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considerable sums, it was a necessary consequence that their produce would be valuable in proportion: and Bakewell shrewdly observed, “that the only way to have capital stock is to keep the price high.” In aid of these natural and legitimate causes of the high prices of the Dishley breed, others were superadded, which, although but too common in all matters of bargain and sale, are not considered as being so candid. A sort of monopoly was created among the fraternity of improvers, who adopted all the arts, and put in practice all the tricks, of jockies and horsedealers. Sham contracts and purchases were made at wonderful high prices; puffers were regularly engaged to spirit up the buyers at auctions; and a young lord, or gentleman, with his pockets well lined, and his senses intoxicated by the fumes of inprovement, was as sure to be imposed upon by these as by the gentry at Newmarket. The pens of itinerant agriculturists, whose knowledge of live stock originated merely in their writing about it, now took up the cause, and blazoned forth the transcendent qualities of the "new Leicesters.” In consequence of this, the country began to consider these oracular decisions as orthodox: Not so the Town. The sages of Smithfield, before whom the fatted animals of all counties pass in hebdomadal review, and who try the merits of all by the unerring standard of the balance, although they were compelled to purchase the commodity, never approved the barrel-shape, or the Dishley improvements. They pretend, at this hour, that the original breed of Leicester sheep was more advantageous, in point of public utility, than the new one; and that the Lincoln, a branch of the ancient family of Teeswater, is, in respect to form, superior to all. They do not even scruple to assert, that the feeding of Dishley stock has never fairly repaid the cultivator. It is certain that Mr. Bakewell was not enriched, notwithstanding his unremitting exertions, the admirable economy of his farms, and the vast sums which he ob. tained for his cattle. But this is to be attributed entirely to the generous style of hospitality which he constantly maintained at Dishley; where every inquisitive stranger was received and ente 1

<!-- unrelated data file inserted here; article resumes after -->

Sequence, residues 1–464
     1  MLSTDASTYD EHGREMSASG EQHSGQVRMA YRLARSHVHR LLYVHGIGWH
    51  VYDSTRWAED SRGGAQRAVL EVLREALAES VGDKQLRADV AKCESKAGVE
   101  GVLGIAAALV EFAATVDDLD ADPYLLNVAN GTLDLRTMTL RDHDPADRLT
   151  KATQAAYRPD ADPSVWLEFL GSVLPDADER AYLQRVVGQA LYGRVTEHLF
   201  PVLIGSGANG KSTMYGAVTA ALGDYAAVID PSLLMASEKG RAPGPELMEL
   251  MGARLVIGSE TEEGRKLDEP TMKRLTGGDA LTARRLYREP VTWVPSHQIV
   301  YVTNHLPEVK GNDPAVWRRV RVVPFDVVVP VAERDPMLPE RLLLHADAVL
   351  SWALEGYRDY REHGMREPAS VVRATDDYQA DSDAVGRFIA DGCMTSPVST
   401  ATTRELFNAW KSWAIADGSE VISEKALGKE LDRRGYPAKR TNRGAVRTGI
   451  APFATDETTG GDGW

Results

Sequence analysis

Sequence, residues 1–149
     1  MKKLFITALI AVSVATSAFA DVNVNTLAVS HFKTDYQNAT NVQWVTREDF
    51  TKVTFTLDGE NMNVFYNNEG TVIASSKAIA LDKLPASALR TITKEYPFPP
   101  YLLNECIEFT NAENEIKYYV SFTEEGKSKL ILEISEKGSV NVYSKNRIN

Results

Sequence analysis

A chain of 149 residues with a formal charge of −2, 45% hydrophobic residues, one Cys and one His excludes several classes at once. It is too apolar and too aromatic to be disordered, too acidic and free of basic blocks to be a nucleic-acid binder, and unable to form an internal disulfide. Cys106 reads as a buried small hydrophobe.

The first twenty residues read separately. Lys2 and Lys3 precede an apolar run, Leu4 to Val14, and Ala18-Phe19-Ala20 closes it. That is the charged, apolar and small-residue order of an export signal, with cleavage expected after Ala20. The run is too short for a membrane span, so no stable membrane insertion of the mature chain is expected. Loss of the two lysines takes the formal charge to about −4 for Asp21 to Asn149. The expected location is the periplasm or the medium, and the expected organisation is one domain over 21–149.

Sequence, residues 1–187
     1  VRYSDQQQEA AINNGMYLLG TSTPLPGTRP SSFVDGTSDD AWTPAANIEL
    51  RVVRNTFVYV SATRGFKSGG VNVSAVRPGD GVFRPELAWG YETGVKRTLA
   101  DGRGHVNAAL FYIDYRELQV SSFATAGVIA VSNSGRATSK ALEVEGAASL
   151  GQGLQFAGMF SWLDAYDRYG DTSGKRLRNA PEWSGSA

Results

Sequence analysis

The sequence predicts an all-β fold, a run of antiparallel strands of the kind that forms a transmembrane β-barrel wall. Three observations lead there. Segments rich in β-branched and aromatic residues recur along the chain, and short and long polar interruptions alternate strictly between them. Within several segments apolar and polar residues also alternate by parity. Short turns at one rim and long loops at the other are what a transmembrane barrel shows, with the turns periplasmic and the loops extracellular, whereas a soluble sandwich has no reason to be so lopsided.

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tained with the most frank and liberal attention. The expanded heart of this man demanded more capacious means for the gratification of its generous desires; and it is evident, from his conduct, that he was ambitious rather of the honour, than the profit of his calling *."